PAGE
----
The front end gives me both Fuselage Chrysler and Renault 17 vibes, only slightly more pouty. It’s the duck-lipped Botox look so popular with our century’s vapid Instagrammers, but for the Disco era. There are uglier front ends, especially in the Nissan world, but this is hardly the most distinctive schnozz. Again, if we compare with the previous couple of Skylines, it’s a let-down.
The rear end was not available for comment. Or for much of a photo, come to that. The coupé’s quad circular taillamps became a trademark Skyline thing. But credit to where it’s due: these were actually pioneered on certain versions of the C10. The C110 merely generalized that design element and set it in stone. Well, in metal, anyway. And they were placed within a dark panel surrounded by a chrome loop, echoing the front grille’s motif. Botox in front, xotoB in the back.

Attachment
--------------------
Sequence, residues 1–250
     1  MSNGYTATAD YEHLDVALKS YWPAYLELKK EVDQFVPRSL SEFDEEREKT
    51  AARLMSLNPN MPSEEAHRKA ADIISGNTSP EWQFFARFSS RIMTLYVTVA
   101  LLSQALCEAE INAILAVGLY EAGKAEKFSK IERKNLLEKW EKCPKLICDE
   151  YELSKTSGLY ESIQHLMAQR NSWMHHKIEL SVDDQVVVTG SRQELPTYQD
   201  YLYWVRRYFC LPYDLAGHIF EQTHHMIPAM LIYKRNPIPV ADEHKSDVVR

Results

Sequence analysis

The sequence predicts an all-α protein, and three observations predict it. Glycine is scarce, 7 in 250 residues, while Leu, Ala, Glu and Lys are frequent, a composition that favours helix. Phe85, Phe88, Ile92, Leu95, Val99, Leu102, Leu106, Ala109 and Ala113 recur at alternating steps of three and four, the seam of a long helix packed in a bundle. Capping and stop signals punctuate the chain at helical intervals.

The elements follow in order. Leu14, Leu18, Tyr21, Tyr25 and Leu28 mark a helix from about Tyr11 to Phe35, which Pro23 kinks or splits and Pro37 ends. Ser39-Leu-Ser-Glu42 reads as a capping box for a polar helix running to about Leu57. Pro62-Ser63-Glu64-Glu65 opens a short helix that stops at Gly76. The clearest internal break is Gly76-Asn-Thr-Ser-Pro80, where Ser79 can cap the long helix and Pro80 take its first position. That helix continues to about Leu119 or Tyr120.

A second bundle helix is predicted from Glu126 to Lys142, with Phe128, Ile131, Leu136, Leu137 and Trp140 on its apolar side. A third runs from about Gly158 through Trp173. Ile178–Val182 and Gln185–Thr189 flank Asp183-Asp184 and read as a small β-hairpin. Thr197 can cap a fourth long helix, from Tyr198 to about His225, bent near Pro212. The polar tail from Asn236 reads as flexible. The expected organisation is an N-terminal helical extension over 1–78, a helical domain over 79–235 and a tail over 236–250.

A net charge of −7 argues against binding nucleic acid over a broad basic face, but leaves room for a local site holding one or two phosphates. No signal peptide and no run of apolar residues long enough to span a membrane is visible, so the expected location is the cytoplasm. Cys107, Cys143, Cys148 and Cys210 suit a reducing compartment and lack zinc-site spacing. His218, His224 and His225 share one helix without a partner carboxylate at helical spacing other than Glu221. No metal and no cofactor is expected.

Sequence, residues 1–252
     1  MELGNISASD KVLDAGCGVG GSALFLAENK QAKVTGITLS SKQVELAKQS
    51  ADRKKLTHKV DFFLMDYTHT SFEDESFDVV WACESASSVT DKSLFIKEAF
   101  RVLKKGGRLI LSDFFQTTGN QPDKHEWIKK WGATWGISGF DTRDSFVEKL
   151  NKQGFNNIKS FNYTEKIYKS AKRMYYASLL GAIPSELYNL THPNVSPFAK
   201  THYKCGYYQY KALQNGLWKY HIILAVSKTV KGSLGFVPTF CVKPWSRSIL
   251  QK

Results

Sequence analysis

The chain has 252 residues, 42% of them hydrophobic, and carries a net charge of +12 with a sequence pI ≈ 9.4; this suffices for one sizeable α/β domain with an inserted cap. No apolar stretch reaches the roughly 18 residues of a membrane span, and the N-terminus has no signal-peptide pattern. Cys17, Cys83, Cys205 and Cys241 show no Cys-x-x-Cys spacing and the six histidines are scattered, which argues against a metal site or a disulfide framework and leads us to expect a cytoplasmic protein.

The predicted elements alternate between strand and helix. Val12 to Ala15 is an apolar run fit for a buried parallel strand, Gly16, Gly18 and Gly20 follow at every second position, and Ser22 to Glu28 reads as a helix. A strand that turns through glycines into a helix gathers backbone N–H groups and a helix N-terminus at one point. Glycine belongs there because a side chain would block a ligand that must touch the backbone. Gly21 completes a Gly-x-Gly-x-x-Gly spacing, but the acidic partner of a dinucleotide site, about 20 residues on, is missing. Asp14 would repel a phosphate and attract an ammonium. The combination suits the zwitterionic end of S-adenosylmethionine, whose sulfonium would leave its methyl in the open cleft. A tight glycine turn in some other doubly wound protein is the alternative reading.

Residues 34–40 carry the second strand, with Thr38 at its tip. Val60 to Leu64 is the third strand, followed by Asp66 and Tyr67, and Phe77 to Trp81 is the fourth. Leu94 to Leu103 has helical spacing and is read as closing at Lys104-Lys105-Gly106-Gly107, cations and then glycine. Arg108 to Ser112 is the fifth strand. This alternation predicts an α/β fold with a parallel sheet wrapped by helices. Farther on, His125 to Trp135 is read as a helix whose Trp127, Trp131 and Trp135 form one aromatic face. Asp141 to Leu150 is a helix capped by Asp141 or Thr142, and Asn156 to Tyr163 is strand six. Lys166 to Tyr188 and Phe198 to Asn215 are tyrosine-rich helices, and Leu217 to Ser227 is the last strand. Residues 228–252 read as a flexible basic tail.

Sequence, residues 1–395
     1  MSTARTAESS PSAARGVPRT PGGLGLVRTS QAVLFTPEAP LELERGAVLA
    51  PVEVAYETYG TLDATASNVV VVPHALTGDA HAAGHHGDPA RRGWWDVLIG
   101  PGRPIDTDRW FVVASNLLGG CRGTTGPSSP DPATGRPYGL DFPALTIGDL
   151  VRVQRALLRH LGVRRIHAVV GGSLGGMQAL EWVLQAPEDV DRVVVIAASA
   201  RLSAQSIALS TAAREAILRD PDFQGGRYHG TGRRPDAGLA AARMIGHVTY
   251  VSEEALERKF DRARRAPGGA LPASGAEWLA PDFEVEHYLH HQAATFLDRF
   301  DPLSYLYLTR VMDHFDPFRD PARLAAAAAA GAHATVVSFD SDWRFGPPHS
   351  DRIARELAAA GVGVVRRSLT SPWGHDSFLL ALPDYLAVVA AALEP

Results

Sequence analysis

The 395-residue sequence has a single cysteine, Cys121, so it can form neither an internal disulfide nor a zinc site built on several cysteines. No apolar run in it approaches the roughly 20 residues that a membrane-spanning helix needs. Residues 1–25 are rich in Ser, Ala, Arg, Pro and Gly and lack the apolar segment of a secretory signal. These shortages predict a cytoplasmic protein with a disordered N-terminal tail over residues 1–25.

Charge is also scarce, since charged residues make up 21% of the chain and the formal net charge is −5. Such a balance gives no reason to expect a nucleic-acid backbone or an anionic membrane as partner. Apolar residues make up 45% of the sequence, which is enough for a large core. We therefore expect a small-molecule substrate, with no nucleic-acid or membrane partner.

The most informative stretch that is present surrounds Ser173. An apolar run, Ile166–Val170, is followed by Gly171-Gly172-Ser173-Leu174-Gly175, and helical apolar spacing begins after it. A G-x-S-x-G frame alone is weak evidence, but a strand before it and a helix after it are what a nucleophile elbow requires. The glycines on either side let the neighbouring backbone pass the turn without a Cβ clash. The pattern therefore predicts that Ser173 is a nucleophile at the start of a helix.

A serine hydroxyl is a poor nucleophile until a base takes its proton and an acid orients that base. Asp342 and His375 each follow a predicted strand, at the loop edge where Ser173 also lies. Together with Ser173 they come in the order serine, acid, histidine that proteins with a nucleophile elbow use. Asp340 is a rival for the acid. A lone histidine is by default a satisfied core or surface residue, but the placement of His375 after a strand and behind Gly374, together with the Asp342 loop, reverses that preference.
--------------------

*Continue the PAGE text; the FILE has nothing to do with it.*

The blandness of the front and the rear do nothing to mitigate the car’s bulkiness, which is strangely coupled with a slightly gaunt look. Nissan were deep into their Empty Coke Bottle & Strange Body Crease era, and it shows.
Nissan also hit upon the power of PR in the ‘70s, and the Skyline got more than its fair share of that action in the shape of Ken and Marie. This fictional couple personified the C110 Skyline so well that the car became known as Kenmari. As we can see from the 1975 Skyline brochure excerpt above, Nissan cashed in on the popularity of their advertising creation with a flurry of Skyline-branded merch.